your lawn is frozen, avoid walking over the same areas or you
may find bald spots in the spring. A frozen lawn is not impervious
If heavy snow accumulates on
your shrubs, brush it from the limbs with gentle upward sweeping
If there is not too much snow,
remove blown-in leaves and other debris from your yard and around
your shrubs, especially roses and rhododendrons. This should
help reduce unwanted pests and diseases when spring arrives.
If the temperature gets above
freezing, pull out a hose and give evergreen shrubs and trees
a good soaking to help alleviate the symptoms of winter burn,
especially on rhododendrons.
Start planning your yard and garden
projects for the upcoming year. Use the winter landscape as a
blank slate and make plans to revitalize your yard and garden.
If your foundation plants are
getting old and overgrown consider replacing them with some newer
varieties or with native
plants. Junipers and arborvitaes are the evergreen standbys
but also look into barberry, boxwood winter creeper, Oregon grape,
hardy hollies, rhododendrons, red twig dogwood, and Otto Luyken laurel.
These take some pruning but the novelty is worth it. Keep each plant's
fertilizer and water needs in mind as you plan.
flowers give continuous color and texture to gardens and
yards. Plan for bloom time and color,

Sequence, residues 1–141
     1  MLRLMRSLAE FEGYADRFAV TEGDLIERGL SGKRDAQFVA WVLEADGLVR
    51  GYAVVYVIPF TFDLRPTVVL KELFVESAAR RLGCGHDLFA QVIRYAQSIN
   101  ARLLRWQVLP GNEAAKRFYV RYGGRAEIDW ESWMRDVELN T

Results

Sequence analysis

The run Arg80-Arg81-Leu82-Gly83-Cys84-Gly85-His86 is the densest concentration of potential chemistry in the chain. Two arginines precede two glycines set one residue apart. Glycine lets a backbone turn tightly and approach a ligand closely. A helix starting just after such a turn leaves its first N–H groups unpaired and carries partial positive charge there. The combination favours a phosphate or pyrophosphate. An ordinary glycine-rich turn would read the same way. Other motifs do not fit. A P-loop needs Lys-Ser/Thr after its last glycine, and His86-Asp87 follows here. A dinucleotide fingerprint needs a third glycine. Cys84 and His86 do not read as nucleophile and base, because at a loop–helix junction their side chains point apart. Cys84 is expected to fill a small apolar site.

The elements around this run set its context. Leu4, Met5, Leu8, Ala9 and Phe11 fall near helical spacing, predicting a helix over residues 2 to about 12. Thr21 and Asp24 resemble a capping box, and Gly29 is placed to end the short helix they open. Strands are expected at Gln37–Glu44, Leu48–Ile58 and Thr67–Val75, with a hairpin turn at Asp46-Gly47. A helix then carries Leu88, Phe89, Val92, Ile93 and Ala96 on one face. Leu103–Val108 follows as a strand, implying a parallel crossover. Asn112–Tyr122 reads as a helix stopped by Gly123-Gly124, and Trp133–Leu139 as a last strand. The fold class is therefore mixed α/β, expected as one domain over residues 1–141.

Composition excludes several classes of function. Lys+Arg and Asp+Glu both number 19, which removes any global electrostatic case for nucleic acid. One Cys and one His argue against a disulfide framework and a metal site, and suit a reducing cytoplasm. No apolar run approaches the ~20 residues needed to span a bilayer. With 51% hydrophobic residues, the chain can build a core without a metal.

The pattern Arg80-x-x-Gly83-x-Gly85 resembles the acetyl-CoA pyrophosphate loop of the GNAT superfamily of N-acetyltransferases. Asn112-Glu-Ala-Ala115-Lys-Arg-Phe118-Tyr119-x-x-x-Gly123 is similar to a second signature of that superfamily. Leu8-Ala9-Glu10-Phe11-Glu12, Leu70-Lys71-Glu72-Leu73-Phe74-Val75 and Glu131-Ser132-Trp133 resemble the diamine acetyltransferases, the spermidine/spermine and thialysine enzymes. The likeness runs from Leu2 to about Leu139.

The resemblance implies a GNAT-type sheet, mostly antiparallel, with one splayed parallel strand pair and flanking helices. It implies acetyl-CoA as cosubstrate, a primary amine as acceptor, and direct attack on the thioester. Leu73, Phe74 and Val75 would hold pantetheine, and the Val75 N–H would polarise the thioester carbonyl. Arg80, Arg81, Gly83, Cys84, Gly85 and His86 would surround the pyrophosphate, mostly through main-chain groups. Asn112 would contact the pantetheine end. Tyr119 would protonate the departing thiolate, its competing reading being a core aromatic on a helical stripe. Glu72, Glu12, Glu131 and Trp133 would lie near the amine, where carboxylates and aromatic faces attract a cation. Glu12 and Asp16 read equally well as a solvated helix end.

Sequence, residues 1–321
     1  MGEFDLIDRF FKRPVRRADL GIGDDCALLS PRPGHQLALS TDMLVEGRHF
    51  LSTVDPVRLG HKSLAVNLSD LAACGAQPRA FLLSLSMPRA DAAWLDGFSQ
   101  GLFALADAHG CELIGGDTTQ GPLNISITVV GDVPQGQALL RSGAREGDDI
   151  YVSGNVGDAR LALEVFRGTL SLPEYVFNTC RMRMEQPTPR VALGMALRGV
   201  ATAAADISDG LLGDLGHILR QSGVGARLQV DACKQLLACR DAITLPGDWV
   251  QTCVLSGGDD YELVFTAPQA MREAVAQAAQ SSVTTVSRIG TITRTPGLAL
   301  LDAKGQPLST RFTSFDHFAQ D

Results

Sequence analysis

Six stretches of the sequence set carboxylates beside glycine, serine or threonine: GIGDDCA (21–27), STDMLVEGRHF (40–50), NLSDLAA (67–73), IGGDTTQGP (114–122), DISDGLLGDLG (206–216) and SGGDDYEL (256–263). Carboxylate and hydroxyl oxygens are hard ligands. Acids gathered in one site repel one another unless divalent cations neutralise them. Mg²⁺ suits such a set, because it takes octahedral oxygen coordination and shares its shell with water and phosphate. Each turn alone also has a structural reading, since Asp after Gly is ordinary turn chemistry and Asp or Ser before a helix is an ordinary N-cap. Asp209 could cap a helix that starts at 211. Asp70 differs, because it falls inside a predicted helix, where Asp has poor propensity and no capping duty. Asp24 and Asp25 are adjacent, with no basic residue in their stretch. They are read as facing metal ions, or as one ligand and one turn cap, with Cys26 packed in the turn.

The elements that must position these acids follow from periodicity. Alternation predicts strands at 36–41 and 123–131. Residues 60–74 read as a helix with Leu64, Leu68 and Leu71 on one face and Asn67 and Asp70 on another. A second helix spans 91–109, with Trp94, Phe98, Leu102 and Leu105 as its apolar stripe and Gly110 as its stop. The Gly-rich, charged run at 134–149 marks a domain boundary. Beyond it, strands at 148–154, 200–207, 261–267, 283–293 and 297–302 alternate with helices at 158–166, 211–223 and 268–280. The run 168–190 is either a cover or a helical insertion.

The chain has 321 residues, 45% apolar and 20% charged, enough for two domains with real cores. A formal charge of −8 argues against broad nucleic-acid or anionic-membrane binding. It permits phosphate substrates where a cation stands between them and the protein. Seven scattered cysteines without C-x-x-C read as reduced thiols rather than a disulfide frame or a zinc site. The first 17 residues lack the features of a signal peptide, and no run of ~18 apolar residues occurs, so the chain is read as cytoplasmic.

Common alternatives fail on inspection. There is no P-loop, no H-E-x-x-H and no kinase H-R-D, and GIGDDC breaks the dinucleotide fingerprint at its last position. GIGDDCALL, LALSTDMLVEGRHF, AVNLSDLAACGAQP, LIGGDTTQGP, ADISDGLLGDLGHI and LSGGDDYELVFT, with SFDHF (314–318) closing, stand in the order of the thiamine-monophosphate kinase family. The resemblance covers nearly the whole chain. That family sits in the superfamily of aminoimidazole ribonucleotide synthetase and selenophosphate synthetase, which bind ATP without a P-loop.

height, spread, and sunny or shaded areas. Try to select perennials
that have an extended bloom time. It is a good idea to place
early blooming flowers close to the house. Viewing will most
likely be done through a window. Later blooming plants can
be placed farther out in the landscape where a stroll through
the yard will show them to their best advantage.
Now is a good time to plan your
vegetable and annual gardens. Consider building raised
beds for easier maintenance and less water use. Vegetables and annual
flowers need to be planted on a schedule. Consult seed
catalogs, gardening books and Extension publications for seeding
and transplanting schedules.
Check into gardening clubs, plant
societies or other organizations for gardeners. Meeting other
gardeners and exchanging ideas is always fun, particularly in
the non-gardening months.
Keep a sharp lookout for trouble
on your indoor plants. When they are in a confined area, the
trouble will be intensified. Dust the leaves of house plants with
a damp, clean, soft cloth. Don’t use leaf shines, which may
clog the leaf pores. Water sparingly during the winter and don't